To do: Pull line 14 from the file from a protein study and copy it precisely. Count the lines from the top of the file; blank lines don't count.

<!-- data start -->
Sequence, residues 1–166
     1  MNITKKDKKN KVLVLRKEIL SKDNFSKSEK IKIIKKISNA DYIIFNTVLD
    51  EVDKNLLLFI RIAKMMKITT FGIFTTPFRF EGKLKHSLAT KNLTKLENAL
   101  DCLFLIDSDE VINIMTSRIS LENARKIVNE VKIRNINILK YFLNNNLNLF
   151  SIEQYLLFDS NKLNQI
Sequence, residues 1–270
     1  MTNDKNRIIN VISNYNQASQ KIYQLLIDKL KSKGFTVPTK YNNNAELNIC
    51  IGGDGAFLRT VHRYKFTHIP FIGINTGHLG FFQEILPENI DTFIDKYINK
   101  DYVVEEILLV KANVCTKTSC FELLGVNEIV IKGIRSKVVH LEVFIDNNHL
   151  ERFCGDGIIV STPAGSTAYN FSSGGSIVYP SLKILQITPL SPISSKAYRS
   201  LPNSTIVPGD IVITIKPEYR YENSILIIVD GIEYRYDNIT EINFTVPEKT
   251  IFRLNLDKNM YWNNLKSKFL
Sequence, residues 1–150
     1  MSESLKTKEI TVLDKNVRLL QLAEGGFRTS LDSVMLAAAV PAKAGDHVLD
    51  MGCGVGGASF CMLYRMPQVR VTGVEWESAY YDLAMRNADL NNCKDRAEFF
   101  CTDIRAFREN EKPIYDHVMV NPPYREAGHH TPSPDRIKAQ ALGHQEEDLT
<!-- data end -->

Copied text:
     1  MSESLKTKEI TVLDKNVRLL QLAEGGFRTS LDSVMLAAAV PAKAGDHVLD